Once the lesion was evidenced and its relevant repercussion was demonstrated, the patient was submitted to CATE, confirming the previous findings, in which the ADA TCA was performed with a pharmacological stent (Promus 4.0 × 2.8 mm), although the patient was aware of the possibility of distal embolization, resulting in a final TIMI 3 flow.

After the procedure, the patient remained asymptomatic receiving daily ASA, prasugrel and continued cardiac rehabilitation.

A control scintigraphy, after three months of CATE, demonstrated total reversal of myocardial ischemia.

Currently, the patient remains asymptomatic, performing outpatient follow-up, and practicing intense physical activity.

Case 3

Patient R.O.H, male, 31 years old, amateur soccer athlete (2 times/week), without risk factors for early CAD, without previous use of drugs, anabolic, ergogenic, illicit or anorectic drugs. Negative family history for coronary heart disease, cardiomyopathy or thrombotic disease. Sought medical guidance due to dyspnea and tiredness which started after practicing 1h of football.

Symptoms progressively worsened, progressing to moderate-intensity retrosternal chest pain and irradiation to the left upper limb, with a 2h course, with no other associated symptoms.

He reported a similar and single episode about a month earlier, in a similar situation, with spontaneous resolution after 2h feeling bad and having dyspnea.

On admission to hospital, he was in good general conditions, hypotensive, sweating, tolerating ambient air, normal color, acyanotic, feverless and anicteric.

He weighed 74 kg; was 1.69 m tall; and had a heart rate of 48 bpm; and BP 60/30 mmHg. BP maintenance was required, which increased rapidly after an infusion of 500 mL crystalloid (119/90 mmHg).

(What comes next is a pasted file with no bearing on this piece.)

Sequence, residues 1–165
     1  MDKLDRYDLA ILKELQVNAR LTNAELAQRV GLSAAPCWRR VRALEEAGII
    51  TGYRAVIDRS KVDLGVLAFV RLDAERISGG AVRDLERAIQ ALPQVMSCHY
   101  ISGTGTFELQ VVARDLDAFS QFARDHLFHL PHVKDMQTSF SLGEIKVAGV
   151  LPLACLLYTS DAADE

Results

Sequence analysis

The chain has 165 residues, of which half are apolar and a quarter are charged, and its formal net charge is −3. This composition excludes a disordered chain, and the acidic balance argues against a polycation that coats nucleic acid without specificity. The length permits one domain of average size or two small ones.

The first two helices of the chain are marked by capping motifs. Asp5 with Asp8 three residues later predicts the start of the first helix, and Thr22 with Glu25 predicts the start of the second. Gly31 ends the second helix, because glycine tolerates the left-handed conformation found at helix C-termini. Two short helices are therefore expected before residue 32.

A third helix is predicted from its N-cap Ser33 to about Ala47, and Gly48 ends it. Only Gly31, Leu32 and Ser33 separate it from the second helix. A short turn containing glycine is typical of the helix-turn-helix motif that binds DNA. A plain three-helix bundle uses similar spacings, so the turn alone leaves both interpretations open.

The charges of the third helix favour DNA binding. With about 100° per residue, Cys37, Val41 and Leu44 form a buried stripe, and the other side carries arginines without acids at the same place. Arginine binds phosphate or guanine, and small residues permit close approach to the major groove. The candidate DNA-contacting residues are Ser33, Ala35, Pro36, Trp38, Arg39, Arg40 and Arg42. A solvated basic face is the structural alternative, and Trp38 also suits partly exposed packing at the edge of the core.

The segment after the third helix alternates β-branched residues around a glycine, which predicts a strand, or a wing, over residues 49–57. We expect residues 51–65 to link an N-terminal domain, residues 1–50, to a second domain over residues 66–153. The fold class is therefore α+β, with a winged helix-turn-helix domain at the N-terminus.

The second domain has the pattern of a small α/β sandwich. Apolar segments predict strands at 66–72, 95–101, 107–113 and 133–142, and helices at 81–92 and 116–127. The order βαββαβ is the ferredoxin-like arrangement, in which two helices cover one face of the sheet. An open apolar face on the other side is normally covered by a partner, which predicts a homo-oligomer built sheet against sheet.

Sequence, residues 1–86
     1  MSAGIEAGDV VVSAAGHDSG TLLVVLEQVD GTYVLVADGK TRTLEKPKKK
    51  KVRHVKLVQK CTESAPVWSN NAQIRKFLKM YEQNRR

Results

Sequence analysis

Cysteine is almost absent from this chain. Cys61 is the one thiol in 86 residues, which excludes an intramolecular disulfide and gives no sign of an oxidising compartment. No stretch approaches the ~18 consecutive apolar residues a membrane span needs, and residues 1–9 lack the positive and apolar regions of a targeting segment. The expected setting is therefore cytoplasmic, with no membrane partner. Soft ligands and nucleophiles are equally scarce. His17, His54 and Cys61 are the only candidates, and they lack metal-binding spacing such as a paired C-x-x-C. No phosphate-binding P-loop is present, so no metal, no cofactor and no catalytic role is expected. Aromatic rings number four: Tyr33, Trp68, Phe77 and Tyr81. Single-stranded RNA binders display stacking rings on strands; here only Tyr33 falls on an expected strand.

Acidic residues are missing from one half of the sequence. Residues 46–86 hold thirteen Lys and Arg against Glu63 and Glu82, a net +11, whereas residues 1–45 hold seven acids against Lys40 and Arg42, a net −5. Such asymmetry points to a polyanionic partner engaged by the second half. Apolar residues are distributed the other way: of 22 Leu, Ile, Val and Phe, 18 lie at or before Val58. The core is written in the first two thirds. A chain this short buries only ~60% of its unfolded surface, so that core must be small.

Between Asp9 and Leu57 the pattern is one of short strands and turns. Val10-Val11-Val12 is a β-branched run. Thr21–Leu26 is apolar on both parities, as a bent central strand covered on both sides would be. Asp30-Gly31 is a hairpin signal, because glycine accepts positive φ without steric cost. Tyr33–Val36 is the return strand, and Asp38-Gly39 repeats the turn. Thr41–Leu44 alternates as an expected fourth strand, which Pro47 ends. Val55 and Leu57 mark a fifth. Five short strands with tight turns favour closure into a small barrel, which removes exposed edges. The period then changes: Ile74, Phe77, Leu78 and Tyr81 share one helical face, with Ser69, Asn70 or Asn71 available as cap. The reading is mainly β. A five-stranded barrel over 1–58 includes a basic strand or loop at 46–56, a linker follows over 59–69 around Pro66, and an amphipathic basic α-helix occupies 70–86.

There were no changes in cardiac and pulmonary auscultation; extremities were not infiltrated.

On admission, the ECG showed ST-segment junctional rhythm in DII, DIII, aVF, V7, and V8 leads, and the was diagnosed with inferodorsal ST-segment elevation myocardial infarction.

Measurements for ACS were performed and referred to CATE, showing right dominance with severe proximal lesion (95%) in SCAD and a large amount of thrombi.

Primary ATC performed for thrombus aspiration SCAD. Thrombi migrated to the distal portion of the ventricular and posterior descending arteries, and tirofiban was initiated (Figures 11 and 12).

Figure 11 Cardiac catheterization: thrombosis in the right coronary artery. 

Figure 12 Cardiac catheterization: recanalized artery with distal thrombus migration. 

He remained hospitalized for 4 days, with asymptomatic evolution, being discharged with a prescription of daily use of AAS 100 mg; clopidogrel 75 mg; atenolol 50 mg and rosuvastatin 10 mg.

Remains asymptomatic and has returned to football practice approximately 4 times/week.

Discussion

Vigorous exercise is known to cause acute ischemia, but such events often occur in patients with established or underdiagnosed CAD.19,23,24

Reports of exercise-related SCAD in young patients without risk factors or CAD are rare in the literature.17-20 Most of the occurrences were described among young women related to the peripartum period, Marfan syndrome, oral contraceptive use, primary vascular diseases (vasculitis), or in patients with already diagnosed atherosclerosis or undiagnosed subclinical disease.1-3,13,14,25,26